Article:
Research

Research interests

  • Representation and learning of morphophonological alternation
  • Structure of paradigms
  • Phonology of Seediq (Atayalic, Austronesian)
  • Phonetics and phonology of Mam vowels

Projects

In Tgdaya Seediq, all forms of a verb paradigm suffer from some type of neutralization, such that no slot can be used to perfectly predeict the rest of the paradigm. Classic approaches to morphophonological analysis deal with this by setting up URs which combine information from multiple forms of the paradigm (Kenstowicz and Kisseberth, 1977). The alternate single surface-base approach, proposed by Albright (2002, et seq.), argues that URs must be based on a single slot (or suface allomorph) within the paradigm. For my MA , I used a corpus of verbs to show that Seediq verb paradigms have likely undergone restructuring based on the non-suffixed slots of the paradigm, consistent with the single surface-base hypothesis.

To test whether Seediq speakers will productively 'undo' neutralizations of non-suffixed base forms, I am utilizing a variant of the wug-test method (Berko, 1958); stimuli were not nonce-words, but rather ‘gapped forms’, or existing words in the Seediq lexicon which are never found in their suffixed forms. This method, though less common than wug-testing, was used out of respect for my Seediq consultants, who for cultural reasons did not want to work with nonce words.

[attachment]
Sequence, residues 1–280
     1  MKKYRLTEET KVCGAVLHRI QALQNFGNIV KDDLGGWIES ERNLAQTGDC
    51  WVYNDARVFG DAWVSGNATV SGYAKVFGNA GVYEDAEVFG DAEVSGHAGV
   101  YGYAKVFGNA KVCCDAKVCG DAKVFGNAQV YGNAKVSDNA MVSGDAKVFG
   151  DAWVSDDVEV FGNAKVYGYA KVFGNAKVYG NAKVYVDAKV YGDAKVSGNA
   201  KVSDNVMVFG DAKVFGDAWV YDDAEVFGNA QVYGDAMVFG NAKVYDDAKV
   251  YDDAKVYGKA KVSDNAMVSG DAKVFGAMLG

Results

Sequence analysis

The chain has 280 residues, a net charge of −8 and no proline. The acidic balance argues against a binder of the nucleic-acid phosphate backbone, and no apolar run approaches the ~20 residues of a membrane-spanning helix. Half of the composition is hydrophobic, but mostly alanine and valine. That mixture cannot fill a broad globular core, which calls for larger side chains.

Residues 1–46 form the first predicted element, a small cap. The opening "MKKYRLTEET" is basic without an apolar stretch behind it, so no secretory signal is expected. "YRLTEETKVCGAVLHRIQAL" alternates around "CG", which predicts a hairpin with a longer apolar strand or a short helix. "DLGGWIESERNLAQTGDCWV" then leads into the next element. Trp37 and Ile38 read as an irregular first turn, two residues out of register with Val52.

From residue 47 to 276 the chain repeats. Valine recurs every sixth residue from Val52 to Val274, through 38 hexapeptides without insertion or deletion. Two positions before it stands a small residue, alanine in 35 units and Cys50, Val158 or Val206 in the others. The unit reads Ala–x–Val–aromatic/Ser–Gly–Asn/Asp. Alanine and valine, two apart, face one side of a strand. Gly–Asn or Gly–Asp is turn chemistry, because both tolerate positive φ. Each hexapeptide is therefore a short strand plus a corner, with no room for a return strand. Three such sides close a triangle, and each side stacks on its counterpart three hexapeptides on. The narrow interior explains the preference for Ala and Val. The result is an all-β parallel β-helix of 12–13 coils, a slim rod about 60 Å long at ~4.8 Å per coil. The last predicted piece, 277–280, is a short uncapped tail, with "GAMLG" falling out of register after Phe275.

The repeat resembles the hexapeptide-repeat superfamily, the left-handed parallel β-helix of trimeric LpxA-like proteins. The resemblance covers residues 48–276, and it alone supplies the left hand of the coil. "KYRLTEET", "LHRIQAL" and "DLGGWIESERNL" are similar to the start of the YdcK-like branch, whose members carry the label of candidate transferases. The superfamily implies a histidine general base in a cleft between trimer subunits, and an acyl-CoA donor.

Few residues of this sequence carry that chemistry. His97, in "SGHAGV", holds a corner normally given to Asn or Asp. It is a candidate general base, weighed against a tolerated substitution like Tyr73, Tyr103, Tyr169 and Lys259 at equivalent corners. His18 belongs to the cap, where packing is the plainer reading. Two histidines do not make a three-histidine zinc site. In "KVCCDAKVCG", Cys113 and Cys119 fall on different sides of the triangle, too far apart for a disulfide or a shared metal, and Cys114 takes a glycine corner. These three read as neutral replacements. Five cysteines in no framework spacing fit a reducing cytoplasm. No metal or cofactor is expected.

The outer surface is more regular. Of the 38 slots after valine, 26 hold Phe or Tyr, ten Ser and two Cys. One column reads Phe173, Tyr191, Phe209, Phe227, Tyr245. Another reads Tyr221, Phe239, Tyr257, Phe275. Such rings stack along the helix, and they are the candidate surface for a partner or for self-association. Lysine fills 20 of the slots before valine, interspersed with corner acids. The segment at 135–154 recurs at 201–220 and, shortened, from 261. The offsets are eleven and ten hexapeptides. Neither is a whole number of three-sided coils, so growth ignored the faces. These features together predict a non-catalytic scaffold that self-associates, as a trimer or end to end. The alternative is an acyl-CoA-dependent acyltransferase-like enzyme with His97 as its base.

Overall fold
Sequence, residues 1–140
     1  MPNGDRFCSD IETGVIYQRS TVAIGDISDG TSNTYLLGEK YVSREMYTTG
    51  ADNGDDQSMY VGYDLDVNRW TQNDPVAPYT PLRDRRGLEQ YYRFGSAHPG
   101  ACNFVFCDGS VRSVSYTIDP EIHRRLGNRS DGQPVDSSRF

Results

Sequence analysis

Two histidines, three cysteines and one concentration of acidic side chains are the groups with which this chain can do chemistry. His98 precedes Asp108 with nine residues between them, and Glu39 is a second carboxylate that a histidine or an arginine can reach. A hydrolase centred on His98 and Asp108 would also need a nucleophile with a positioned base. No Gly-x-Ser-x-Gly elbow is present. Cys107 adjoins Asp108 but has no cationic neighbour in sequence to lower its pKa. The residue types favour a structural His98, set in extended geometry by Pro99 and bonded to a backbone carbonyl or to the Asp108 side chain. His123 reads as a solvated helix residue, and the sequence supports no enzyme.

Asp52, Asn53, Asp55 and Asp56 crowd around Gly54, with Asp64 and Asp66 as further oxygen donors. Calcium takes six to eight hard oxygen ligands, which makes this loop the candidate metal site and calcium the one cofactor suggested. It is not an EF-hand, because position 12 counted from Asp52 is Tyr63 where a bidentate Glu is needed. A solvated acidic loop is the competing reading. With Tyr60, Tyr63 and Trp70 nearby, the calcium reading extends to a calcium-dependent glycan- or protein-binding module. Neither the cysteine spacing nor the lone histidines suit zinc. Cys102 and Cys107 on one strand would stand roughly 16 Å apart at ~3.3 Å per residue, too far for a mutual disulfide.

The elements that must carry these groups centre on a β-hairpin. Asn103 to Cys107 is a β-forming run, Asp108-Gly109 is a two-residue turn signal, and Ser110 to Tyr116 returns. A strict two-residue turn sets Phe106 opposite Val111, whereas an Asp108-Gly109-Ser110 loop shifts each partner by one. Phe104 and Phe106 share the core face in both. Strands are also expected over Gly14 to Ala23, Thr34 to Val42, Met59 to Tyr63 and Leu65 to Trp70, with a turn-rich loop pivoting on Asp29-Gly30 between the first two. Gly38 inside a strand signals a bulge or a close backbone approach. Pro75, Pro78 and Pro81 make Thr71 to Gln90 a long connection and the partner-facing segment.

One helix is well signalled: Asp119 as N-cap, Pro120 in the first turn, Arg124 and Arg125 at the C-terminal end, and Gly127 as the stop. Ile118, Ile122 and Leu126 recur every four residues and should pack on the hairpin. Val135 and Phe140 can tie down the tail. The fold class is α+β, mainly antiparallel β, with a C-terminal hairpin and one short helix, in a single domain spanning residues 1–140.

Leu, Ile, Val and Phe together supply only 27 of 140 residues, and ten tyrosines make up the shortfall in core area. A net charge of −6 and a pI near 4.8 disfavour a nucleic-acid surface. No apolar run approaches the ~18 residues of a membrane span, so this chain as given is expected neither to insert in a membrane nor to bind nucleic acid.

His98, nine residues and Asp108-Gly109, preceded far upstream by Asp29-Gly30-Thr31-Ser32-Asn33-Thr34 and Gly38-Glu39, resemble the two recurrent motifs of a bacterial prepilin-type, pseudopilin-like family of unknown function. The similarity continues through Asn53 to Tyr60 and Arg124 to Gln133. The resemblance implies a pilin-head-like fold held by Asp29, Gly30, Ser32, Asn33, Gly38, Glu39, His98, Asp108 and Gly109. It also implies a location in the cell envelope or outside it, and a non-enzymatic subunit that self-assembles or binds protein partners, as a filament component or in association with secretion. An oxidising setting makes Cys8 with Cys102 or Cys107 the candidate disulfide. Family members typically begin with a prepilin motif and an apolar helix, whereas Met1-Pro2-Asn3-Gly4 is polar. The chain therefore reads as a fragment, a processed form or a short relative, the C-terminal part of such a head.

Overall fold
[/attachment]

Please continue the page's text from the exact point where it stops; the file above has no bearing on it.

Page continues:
Early results, based on pilot experiment with six subjects, suggest that speakers are able to productively extend some alternations.


I am working with James Stanford at Dartmouth College and Cathryn Yang at Yunnan Minzu University on sociolinguistic variation in Na (or Mosuo). Na is a rural language community with ~40,000 people, located mainly around Lugu Lake in Yunnan and Sichuan. The Na practice matrilineal inheritance with lifelong matrilocal residence. As such, variation in Na is of particular theoretical interest for examining Labov's classic gender principles of sound change (e.g., Labov 1966, 2001, Trudgill 1972, Wolfram 1969).

Preliminary results, based on word-list reading from 48 speakers, suggests that consistent with Labovian principles, Na women are leading sound changes in tone and vowel quality.